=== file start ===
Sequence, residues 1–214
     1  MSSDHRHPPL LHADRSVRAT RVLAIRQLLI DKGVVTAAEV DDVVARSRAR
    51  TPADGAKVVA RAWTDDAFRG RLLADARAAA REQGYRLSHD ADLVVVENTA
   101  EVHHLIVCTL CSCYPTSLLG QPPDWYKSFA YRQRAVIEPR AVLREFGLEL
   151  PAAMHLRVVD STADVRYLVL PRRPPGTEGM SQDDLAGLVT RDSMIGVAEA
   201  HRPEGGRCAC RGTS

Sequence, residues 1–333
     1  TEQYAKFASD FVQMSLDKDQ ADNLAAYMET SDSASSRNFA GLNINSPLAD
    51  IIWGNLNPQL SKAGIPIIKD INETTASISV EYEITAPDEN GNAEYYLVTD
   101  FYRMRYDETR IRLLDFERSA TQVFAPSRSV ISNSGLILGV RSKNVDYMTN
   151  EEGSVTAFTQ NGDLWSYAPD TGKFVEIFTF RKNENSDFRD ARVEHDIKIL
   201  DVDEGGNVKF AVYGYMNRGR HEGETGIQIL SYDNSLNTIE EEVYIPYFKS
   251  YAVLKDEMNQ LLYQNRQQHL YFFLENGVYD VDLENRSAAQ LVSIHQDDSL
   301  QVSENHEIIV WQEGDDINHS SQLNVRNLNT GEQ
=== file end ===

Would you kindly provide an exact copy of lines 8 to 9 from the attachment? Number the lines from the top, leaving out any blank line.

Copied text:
     1  TEQYAKFASD FVQMSLDKDQ ADNLAAYMET SDSASSRNFA GLNINSPLAD
    51  IIWGNLNPQL SKAGIPIIKD INETTASISV EYEITAPDEN GNAEYYLVTD